Taking Back the Tap with Food & Water Watch
Between Eat Well Everywhere
, The Green Fork
and Cultivating the Web
, the Eat Well Guide strives to provide a comprehensive manual to what goes on a sustainable plate. But what about what’s in your glass? Green Fork blog contributor Kerry Trueman recently posted
her insights on water, agriculture and the bottled water battle – with a shout-out to EWG's partner Food & Water Watch
0 gurus of sustainable activism.
Many loyal adherents to the local food movement do not fully grasp the connection between agriculture and water and, unfortunately, many people remain unaware of the impending global fresh water crisis. According to the World Health Organization
, water scarcity significantly affects one in three people on every continent - a statistic that worsens as water needs rise with population growth, urbanization and increased use by households and industry. Even in the United States, where most people take high-quality, potable water for granted, water managers in at least 36 states are concerned about near-term shortages.
We need to get serious about fresh water conservation, and start protecting this precious resource from pollution and wasteful abuse.
Eating local and sustainably produced food goes a long way in saving water, because large-scale industrial agriculture is disastrously water intensive. But in addition to eating well, we need to start “drinking well,” choosing local and environmentally responsible beverages. What does it mean to “drink local?” The first powerful action you can take is to stop buying bottled water
and start drinking tap water instead. Drinking your local tap water supports municipal infrastructure and the defense of water as a public resource rather than a commodity that is sold off for private profit.
Food & Water Watch's national Take Back the Tap
campaign calls on consumers to safeguard water as an essential public resource. Restauranteurs across the nation are being asked to eliminate the sale of bottled water and serve only municipal tap water instead. From Florida to Oregon, chefs and eateries are helping to educate customers about the benefits of tap over bottled water.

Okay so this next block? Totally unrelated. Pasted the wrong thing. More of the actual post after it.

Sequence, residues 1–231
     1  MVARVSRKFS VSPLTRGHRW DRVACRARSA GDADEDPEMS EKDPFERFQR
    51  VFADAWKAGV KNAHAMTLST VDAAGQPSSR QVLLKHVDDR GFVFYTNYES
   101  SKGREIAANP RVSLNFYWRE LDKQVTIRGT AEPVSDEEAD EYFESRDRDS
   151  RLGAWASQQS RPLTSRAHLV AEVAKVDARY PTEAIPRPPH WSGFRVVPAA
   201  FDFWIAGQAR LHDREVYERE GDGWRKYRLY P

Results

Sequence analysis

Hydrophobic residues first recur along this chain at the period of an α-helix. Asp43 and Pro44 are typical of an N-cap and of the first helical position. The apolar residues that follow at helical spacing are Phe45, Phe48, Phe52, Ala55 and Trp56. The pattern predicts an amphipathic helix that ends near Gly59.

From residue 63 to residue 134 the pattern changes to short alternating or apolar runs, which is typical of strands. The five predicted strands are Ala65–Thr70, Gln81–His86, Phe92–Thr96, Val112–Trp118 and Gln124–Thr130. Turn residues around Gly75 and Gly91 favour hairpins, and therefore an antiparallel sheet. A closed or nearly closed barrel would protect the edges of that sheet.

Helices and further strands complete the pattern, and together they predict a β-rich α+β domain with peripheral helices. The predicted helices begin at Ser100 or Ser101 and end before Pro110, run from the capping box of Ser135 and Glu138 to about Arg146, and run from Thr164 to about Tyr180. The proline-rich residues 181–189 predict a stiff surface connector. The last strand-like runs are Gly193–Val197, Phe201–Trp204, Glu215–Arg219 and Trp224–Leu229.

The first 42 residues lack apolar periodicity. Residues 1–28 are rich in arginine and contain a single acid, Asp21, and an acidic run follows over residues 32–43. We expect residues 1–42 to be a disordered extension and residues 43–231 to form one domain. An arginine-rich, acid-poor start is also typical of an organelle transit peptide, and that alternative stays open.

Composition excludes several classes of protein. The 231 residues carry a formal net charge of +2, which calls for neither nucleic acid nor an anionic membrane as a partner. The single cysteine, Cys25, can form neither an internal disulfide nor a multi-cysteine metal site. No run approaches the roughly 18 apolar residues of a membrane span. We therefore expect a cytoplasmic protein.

Take Back the Tap lets people in on the fact that bottled water is a scam - one that's detrimental to our environment, our pocketbooks, and our health. A few facts:
- Over 450 million gallons of oil are used to transport water from bottling plants to stores worldwide annually.
- In the United States, plastic water bottle manufacturing exhausts 17 million barrels of oil each year, and the process yields over 2.5 million tons of carbon dioxide pollution.
- 80% of water bottles, totaling over 4 billion pounds, are not recycled and end up in garbage incinerators, landfills and the ocean, polluting our soil, disrupting aquatic and land based ecosystems, and creating environmental health problems for humans and animals alike.
- The bottled water industry extracts unsustainable amounts of groundwater, depleting aquifers and lakes; bottles it up in plastic vessels that wreak vast environmental damage; and sell us the water rightfully owned by the public at hundreds of times the price of our municipal tap water.
Why would people spend so much more to buy something that they can get much less expensively? Primarily because the bottled water industry has spent a great deal of money convincing consumers that bottled water is cleaner than what we get from our taps. In fact, however, the purity of bottled water is a marketing myth.
- Regulation: Tap water is actually much better regulated than most bottled water; It is tested more frequently and the test results are a matter of public record.
- Contamination: Plastic bottles leach chemicals into the water they contain, some of which are known carcinogens and endocrine disruptors, yet bottled water is not required to be screened for noxious properties even once after the caps are sealed on.
- Misinformation: You may think that it's from a pristine spring in Poland - but almost half of the bottled water Americans purchase is just reprocessed domestic tap water!
- The smart alternative: Filtering tap water at home can effectively remove any contaminants and unusual taste at a tiny fraction of the price of bottled water.
In New York City alone, more than 100 restaurants have signed on to support NYC’s award winning Catskill water system instead of the bottled water industry. Restaurants have also signed on in Madison, WI, Ann Arbor, MI, Boulder CO, and Memphis, TN. In Gainesville, FL, a group of water activists organized a “restaurant outreach day” during which they asked their favorite restaurants to Take Back the Tap. In the San Francisco Bay Area, over 70 restaurants have taken the Take Back the Tap pledge, and the city of San Francisco Public Utility Commission partnered with Food & Water Watch to encourage restaurants to go bottled water free.Help Food & Water Watch spread the word
by asking a restaurant or business
to take back the tap!Find out more about the campaign: http://takebackthetap.org/restaurantsFind a restaurant near you smart enough to quit the bottled water habit:http://www.takebackthetap.org/restaurants/find-participating-restaurants-near-you/participating-restaurants
Finally, when you’re browsing the Eat Well Guide, look for the
Water Conscious droplet
indicating that the vendor is taking steps to conserve our most precious resource. And if you believe your listing should be marked Water Conscious, contact us
and let us know why!Previous story: Sustainable Seafood...